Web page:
D.O.A.: Dead or Alive
Film review by: Witney Seibold
“D.O.A.: Dead or Alive.” Oh sigh. Watching this movie filled me with nostalgia. Nostalgia for when I was fifteen, excited about moves based on video games, and a good fight scene (regardless of context or techincal skill) was enough to sate me. Watching it as an adult, I could see the preposterous acting, even more preposterous plotting, and bad editing in stark relief. But my inner fifteen-year-old self was wiggling with joy at the easy-to-understand videogame setup, the enthusiastic fight sequences, and the acres of taut, tanned flesh just barely wrapped in brightly-colored bikinis.
That setup: Little flying ninja-star looking things are flying around the world (how they are piloted or navigated is never clarified) landing in front of the world’s greatest fighters. We see Princess Kasumi (Devon Aoki) abandoning her ninja clan by hang-glider, going to seek her vanished brother, when she gets a flying blade. We see Christie (Holly Valance) a sexy catburglar beating up Interpol agents and fleeing on a motorcycle when she gets one. We see Tina (Jaime Pressly) sunbathing in her bikini, putting the smackdown on some pirates, when she gets one. The star thingies are invitations to a worldwide fighting competition. They all happily accept the invite, and gather on a tropical island to fight with various video-game looking characters, including Helena (Sarah Carter), the cute perky one, Zack (Brian J. White), the sassy black guy, and Bass (Kevin Nash), Tina’s Hulk Hogan-looking dad. Old Chinese Fighter is there, as well as Ex-Ninja Commando guy. There’s also a character named Ryu Hayabussa (Kane Kosugi) which, if memory serves, was the lead character from the 8-bit classic “Ninja Gaiden.”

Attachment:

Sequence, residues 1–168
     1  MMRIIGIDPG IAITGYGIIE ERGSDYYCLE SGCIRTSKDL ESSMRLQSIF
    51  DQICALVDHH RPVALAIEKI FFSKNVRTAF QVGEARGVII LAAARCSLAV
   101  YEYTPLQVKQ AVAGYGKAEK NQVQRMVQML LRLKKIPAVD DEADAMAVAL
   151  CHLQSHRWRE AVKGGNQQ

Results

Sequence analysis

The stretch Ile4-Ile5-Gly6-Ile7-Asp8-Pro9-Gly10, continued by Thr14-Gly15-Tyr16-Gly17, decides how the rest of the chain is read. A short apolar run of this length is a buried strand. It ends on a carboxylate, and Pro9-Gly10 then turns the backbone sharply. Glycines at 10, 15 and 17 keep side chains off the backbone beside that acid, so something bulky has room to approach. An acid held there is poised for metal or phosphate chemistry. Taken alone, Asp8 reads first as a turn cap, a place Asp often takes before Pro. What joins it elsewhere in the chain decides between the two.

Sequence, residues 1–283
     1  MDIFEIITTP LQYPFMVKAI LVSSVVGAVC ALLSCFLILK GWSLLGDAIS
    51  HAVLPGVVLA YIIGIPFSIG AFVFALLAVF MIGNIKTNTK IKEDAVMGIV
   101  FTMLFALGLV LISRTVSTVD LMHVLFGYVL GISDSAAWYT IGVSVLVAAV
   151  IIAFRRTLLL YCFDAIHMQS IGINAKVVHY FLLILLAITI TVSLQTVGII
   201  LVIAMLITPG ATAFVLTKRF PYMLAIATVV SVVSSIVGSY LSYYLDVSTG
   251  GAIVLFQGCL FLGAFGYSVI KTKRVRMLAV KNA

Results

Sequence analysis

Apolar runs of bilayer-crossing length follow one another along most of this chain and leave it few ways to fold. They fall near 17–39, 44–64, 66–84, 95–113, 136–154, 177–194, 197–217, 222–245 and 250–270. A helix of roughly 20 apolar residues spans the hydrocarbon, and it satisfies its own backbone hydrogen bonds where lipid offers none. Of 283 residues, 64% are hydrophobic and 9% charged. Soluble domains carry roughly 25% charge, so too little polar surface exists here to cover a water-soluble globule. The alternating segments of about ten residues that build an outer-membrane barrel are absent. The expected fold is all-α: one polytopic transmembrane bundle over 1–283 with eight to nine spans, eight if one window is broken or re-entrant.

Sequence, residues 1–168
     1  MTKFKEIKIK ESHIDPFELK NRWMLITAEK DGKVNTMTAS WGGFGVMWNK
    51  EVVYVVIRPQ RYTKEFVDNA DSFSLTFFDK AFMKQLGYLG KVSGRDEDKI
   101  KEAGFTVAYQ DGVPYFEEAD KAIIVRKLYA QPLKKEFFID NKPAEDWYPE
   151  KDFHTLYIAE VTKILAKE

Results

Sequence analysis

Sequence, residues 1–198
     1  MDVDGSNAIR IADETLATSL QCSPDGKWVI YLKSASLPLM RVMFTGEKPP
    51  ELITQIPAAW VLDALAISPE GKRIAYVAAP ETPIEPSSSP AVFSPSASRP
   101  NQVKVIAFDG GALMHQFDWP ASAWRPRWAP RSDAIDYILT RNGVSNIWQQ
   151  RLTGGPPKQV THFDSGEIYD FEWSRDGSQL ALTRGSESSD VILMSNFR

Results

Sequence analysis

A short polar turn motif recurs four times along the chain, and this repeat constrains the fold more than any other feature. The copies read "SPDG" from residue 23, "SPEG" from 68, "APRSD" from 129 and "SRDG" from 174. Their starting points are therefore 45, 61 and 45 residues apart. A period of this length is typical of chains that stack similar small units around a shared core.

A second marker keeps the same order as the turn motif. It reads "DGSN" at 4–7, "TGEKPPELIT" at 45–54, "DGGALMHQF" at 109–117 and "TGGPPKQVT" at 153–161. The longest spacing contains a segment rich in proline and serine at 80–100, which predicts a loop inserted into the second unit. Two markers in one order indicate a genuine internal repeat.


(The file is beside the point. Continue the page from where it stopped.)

The island is overseen by the mousy computer expert Max (Matthew Marsden), and vaguely menacing Donovan (The Eric Roberts) who have injected microscopic muscle camera robots into all the fighters so that they can be filmed wherever they are on the island, and a group of unseen Triskelion Gamesters can bet on them, or something. The fights all go down whenever, and, like, they have to knock each other out, and there’s, like these “KO!” announcements just like in the game, and Max has a crush on Helena. And, of course, The Eric Roberts is up to something sinister. I won’t give away the ending, but it involves a long-lost character and a magical pair of techno-sunglasses.
From what I understand, in addition to a series of fighting games called “D.O.A.” there’s also a spinoff game where the same characters merely play beach volleyball with each other called “D.O.A. Volleyball.” The movie, not to be outdone by this concept, does indeed feature a two-on-two bikini beach volleyball tourney. The camera zooms in on breasts and buttocks a lot.
With all its fast editing, computer animation, and high-tech gadgetry, “D.O.A. Dead or Alive” comes across as rather quaint. The fights are bloodless, the sex is very chaste, and the language is kept mostly clean (despite Pressly’s dirty southern mouth), firmly standing the film in PG-13 territory. The film could have easily been made 20 years ago with the same screenplay and felt exactly the same. Hell, The Eric Roberts could have still starred. It’s a throwback to a certain breed of brainless cheesy action film which one sees little of these days. Whether this is a good thing or a bad thing depends on your tolerance for this kind of movie.
If you’re 15, by all means, see “D.O.A.: Dead or Alive.” If not, you should like fine, aged cheddar cheese.